IBF says 'no', govt. 'can't', EC mum

NEW DELHI: It has turned out to be a game of football with everybody concerned attempting to kick the ball out. Even as the Indian Broadcasting Foundation (IBF) in the afternoon took a stand on surrogate political ads, the government in the evening tried wriggling out of the situation saying it cannot take any action as rules don’t get attracted.



The IBF today decided that its 24 member-broadcasters would not entertain any political ad, surrogate or otherwise, which makes a direct and personal attack on any political personality dead or living.

The decision of the IBF has been conveyed to the election regulator, which might have to issue some directive in this regard as the information and broadcasting ministry said that “present provisions of Rule Seven of the Cable TV Network (Regulation) Act are not attracted in the matter in view” of

an order of Andhra Pradesh high court recently.

“The Commission is, therefore, requested to consider regulating these ads under the model code of conduct as these ads are clearly being aired in the context of the ensuing elections,” a communication from I&B ministry to the EC states.

Though the ball seems to have been lobbed back into the EC’s court, the latter can take heart from the fact that broadcasters --- may be egged on by certain section in the government ---are going in for self-restraint. The decision of the IBF has also been conveyed to the Election Commission

through a letter to the chief election commissioner TS Krishnamurthy.

Talking to indiantelevision.com after the decision was taken, IBF’s secretary-general NP Nawani said, “The IBF has decided that with immediate effect, the member broadcasters would refrain from accepting advertisements from any society, trust, political party/ candidate, etc., which contain personal attack on leaders of any political party.”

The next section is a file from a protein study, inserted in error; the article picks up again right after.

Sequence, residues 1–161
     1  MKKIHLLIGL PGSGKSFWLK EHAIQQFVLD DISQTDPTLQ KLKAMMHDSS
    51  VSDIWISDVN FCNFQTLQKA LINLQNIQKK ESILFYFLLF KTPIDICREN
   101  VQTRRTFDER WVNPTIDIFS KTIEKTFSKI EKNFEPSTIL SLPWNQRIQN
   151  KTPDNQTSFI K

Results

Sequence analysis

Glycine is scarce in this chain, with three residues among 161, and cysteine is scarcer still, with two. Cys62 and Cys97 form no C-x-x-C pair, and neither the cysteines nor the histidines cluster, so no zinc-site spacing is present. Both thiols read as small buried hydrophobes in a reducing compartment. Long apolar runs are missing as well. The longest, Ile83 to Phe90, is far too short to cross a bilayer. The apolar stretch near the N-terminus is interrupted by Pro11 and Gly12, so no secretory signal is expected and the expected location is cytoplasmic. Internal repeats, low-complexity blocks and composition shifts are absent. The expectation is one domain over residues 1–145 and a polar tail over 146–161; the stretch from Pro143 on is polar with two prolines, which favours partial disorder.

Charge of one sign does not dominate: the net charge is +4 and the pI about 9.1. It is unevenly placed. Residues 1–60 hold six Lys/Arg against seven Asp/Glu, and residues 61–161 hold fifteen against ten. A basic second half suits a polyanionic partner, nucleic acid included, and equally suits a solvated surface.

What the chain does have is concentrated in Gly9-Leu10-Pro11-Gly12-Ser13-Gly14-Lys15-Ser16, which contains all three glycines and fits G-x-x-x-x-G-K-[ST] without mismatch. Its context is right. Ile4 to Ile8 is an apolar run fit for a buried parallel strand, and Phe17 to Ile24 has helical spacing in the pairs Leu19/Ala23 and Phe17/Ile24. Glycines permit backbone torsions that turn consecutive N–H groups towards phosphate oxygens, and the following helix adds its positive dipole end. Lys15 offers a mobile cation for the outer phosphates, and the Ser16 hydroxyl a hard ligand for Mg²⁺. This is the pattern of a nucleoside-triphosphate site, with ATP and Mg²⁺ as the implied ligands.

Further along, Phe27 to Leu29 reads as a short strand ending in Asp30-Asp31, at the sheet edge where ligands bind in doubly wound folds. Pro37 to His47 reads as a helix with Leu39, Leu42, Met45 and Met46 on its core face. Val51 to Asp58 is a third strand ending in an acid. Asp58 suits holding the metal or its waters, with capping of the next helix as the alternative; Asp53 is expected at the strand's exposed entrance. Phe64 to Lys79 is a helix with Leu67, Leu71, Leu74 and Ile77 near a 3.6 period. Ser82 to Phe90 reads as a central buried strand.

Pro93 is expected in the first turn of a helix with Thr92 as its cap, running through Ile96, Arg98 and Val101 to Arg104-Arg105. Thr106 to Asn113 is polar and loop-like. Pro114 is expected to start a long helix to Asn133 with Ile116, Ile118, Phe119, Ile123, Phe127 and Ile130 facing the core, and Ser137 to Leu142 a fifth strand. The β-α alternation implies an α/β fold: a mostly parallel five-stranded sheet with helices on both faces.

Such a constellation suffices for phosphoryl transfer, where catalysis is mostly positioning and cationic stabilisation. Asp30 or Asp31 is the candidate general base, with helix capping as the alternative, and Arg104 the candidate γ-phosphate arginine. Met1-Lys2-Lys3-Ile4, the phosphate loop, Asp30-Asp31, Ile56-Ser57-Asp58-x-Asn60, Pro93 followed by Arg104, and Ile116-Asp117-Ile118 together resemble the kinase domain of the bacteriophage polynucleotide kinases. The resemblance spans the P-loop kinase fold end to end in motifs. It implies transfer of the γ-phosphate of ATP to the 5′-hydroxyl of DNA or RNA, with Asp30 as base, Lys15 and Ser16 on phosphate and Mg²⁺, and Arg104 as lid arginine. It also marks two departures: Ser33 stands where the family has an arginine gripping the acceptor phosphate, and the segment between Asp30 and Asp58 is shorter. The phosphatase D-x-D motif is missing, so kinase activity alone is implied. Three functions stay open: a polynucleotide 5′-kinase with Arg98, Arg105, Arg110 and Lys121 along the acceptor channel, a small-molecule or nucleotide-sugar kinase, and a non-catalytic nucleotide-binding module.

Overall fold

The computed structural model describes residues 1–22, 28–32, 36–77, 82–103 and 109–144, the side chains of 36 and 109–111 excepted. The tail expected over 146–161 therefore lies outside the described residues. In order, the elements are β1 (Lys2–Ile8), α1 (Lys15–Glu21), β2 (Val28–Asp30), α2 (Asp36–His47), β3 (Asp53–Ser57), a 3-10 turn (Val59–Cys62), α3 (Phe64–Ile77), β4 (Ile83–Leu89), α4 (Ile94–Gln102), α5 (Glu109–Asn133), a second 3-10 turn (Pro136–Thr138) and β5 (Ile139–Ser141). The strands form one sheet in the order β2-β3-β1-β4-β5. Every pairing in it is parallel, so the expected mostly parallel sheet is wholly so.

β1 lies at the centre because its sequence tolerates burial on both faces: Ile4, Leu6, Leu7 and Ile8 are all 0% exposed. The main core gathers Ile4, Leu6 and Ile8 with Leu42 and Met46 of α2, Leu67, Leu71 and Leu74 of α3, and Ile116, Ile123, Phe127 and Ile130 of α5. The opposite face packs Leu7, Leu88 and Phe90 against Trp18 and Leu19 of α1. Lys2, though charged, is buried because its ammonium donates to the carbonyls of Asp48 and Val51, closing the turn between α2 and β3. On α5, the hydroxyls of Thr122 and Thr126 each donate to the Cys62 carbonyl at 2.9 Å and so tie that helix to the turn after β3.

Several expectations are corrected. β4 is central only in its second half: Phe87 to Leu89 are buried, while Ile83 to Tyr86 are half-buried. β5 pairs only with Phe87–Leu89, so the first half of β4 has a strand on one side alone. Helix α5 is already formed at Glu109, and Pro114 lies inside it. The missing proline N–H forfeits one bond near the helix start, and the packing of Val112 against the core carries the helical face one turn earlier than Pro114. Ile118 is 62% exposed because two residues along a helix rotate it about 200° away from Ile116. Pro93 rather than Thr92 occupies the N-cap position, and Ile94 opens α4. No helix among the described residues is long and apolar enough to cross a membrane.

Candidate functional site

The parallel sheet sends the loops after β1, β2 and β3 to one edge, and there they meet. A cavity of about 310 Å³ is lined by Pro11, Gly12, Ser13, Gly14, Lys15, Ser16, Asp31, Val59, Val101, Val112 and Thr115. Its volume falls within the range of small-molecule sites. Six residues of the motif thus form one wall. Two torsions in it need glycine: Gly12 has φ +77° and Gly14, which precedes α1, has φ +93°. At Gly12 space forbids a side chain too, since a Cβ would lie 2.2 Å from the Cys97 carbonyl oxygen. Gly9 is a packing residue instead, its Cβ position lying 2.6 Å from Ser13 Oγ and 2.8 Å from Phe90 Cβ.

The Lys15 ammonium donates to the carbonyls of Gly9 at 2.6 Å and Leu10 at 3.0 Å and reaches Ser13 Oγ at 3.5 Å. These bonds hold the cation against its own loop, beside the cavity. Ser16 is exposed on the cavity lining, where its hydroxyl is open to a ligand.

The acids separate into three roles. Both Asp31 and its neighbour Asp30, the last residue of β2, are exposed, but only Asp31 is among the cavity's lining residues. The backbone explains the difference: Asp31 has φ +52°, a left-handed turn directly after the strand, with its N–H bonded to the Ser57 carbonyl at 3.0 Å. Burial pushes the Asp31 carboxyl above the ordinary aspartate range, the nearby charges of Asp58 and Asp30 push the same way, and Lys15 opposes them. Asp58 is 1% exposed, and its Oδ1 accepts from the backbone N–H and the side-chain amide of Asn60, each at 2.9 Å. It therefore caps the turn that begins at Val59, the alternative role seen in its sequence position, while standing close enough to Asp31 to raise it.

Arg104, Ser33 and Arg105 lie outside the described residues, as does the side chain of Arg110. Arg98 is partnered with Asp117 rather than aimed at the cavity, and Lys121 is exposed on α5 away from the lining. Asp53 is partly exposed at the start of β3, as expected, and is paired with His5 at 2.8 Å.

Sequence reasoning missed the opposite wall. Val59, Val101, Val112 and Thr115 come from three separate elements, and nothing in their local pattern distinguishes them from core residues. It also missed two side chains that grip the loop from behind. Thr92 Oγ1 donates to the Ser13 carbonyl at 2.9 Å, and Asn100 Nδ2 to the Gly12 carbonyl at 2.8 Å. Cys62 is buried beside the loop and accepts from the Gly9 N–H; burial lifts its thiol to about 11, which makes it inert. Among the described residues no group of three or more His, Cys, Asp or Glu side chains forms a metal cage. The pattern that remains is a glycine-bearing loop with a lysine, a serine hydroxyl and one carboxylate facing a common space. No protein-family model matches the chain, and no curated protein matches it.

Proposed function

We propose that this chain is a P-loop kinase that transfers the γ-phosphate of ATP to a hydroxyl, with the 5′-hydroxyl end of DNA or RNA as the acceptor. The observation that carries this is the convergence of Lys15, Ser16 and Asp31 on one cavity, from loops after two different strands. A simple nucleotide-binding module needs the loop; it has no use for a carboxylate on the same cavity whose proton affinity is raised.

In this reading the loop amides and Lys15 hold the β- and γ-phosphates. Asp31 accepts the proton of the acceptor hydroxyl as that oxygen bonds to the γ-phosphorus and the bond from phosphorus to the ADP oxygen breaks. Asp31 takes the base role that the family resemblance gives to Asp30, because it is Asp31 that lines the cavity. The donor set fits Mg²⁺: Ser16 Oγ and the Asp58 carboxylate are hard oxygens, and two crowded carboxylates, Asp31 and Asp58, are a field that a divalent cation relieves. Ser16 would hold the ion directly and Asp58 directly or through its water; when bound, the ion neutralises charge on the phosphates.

In case of political discussions, debates and speeches, the editorial control would have to be exercised by the participating leaders themselves, so that certain minimum levels of decency and decorum are maintained on the

electronic media, the IBF has maintained.

Asked by what time surrogate political ads, currently doing the rounds of some news channel, would be taken off the air, Nawani said that it would take some time for the channels to do that, but the member-broadcasters are “committed to do so.” He added, “Hopefully by tomorrow all such ads would

not be seen on any channel.”

When further quizzed what would the IBF do if some channel decides to play truant, especially a non-member like Jaya TV, Nawani was optimistic that the electronic medium would set exemplary standards in self-regulation.

“In case, some body doesn’t follow the advisory, then the IBF board would decide on the future course of action,” Nawani said, adding that, however, in case of non-members like South Indian channel Jaya TV, the Foundation would not be able to do much.

The decision of the IBF has been welcomed by the industry by and large. “Of course, there would be some loss of revenue, but the spirit of democracy demands that we, broadcasters, behave responsibly and don’t become party to